The obvious best "human" view of Hurricane Sandy, the growing storm which has just caused the mayor of New York City to order mandatory evacuations (as outlined in the October 28th, 2012 CBC News article "Hurricane Sandy prompts mass evacuation in New York City") is aboard the International Space Station (ISS).
But the best collectors of useful data on storms like Sandy are a series of crucial, but aging and unmanned weather satellites due for replacement over the next few years.
However, at least according to the October 26th, 2012 New York Times article "U.S. Satellite Plans Falter, Imperiling Data on Storms," their replacements may not come soon enough to prevent a "looming gap" in coverage. As outlined in the article, this:
...looming gap in satellite coverage, which some experts view as almost certain within the next few years, could result in shaky forecasts about storms like Hurricane Sandy, which is expected to hit the East Coast early next week.The article blames rising costs for replacement satellites and poor project management for delays which have pushed back scheduled launch dates for replacements to a point where gaps in coverage are likely to occur.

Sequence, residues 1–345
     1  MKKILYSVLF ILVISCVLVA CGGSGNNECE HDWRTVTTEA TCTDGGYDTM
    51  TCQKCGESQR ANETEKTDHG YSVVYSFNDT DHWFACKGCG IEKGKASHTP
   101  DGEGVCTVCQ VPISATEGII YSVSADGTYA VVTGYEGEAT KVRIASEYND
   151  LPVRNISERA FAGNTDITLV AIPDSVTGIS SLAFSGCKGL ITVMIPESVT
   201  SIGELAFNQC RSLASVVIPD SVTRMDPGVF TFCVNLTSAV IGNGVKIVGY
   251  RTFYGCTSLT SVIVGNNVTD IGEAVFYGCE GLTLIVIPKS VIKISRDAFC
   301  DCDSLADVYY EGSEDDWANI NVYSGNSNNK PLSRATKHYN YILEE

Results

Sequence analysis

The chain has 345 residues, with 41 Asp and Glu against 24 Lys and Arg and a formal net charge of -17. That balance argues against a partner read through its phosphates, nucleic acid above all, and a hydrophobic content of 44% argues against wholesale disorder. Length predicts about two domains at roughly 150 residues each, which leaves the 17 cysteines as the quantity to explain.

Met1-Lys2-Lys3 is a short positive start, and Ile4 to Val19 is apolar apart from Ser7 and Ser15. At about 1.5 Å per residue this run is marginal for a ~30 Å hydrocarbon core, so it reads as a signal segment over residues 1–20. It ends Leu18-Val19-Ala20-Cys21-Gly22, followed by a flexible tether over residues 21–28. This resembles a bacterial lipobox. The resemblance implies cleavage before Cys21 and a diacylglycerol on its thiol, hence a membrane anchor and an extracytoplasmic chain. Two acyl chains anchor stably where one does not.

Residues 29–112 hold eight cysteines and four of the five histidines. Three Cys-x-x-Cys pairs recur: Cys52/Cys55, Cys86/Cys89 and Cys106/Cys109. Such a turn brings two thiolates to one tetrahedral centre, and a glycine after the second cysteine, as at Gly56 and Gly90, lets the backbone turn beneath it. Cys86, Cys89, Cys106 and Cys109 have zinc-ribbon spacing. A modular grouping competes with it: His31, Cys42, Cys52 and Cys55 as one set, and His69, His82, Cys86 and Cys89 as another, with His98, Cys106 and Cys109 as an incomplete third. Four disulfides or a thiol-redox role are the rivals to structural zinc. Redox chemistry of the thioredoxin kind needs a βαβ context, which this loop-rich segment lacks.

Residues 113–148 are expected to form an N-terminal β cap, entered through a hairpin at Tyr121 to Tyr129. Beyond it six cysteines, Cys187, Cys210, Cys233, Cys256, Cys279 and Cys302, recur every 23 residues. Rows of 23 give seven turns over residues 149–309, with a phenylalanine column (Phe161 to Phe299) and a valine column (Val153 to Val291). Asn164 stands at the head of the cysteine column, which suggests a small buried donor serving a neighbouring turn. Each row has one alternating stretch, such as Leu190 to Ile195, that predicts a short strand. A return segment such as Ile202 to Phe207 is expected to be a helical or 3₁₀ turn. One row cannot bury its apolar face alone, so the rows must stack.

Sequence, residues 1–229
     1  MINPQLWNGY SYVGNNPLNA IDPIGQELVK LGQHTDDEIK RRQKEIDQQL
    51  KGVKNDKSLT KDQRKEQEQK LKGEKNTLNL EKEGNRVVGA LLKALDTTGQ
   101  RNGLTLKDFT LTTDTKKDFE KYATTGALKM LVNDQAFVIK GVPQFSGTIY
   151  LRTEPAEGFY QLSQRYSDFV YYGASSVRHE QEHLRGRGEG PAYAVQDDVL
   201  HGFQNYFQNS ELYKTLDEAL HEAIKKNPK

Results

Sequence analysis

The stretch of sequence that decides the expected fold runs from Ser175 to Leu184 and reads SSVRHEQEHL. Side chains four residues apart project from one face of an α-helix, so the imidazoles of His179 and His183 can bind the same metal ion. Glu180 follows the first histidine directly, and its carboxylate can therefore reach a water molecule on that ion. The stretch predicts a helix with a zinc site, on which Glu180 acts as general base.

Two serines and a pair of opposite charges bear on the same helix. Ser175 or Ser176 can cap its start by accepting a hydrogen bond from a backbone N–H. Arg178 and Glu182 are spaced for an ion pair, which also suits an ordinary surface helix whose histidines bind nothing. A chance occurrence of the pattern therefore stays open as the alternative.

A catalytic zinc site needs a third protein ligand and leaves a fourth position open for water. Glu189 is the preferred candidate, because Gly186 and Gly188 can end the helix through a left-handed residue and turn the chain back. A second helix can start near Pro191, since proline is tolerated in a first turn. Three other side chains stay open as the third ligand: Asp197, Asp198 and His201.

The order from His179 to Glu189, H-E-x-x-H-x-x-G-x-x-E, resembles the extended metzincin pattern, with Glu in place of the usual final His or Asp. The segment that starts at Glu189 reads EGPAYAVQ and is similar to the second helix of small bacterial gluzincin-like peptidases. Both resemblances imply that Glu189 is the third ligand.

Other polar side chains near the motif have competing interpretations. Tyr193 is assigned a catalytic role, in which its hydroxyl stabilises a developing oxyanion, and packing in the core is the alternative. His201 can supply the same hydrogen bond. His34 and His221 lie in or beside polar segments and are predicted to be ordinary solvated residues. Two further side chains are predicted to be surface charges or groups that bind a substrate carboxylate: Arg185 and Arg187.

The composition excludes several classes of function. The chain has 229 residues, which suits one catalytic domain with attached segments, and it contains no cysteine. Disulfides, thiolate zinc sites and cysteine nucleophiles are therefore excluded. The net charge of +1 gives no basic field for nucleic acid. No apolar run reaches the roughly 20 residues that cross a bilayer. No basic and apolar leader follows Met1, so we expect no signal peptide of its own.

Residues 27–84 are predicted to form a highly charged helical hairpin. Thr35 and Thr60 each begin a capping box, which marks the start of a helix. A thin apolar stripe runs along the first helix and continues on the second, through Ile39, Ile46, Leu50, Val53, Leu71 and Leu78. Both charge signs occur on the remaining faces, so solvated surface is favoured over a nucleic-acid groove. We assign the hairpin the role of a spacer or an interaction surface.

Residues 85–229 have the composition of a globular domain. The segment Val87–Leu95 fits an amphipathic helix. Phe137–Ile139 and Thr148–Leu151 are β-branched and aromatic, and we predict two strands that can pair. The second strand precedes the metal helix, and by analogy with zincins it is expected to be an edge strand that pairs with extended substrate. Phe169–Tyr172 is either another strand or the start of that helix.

|The Geostationary Operational Environmental Satellite (GOES).
Just weeks ago, the September 28th, 2012 Accuweather.com for New York article "Replacement Weather Satellite for GOES East" discussed the recent failure of the GOES-13 satellite, operated by the National Oceanic and Atmospheric Administration (NOAA) and its temporary replacement by the GOES-14 satellite, which occurred just in time to provide coverage of Hurricane Sandy.
While GOES-13 has since returned to service, its quite likely that more aging weather satellites will require replacement over the next few years.
Whether or not Hurricane Sandy ever turns into the "perfect storm" predicted by forecasters, lets hope the US gets it act together before any serious gaps in weather coverage occur.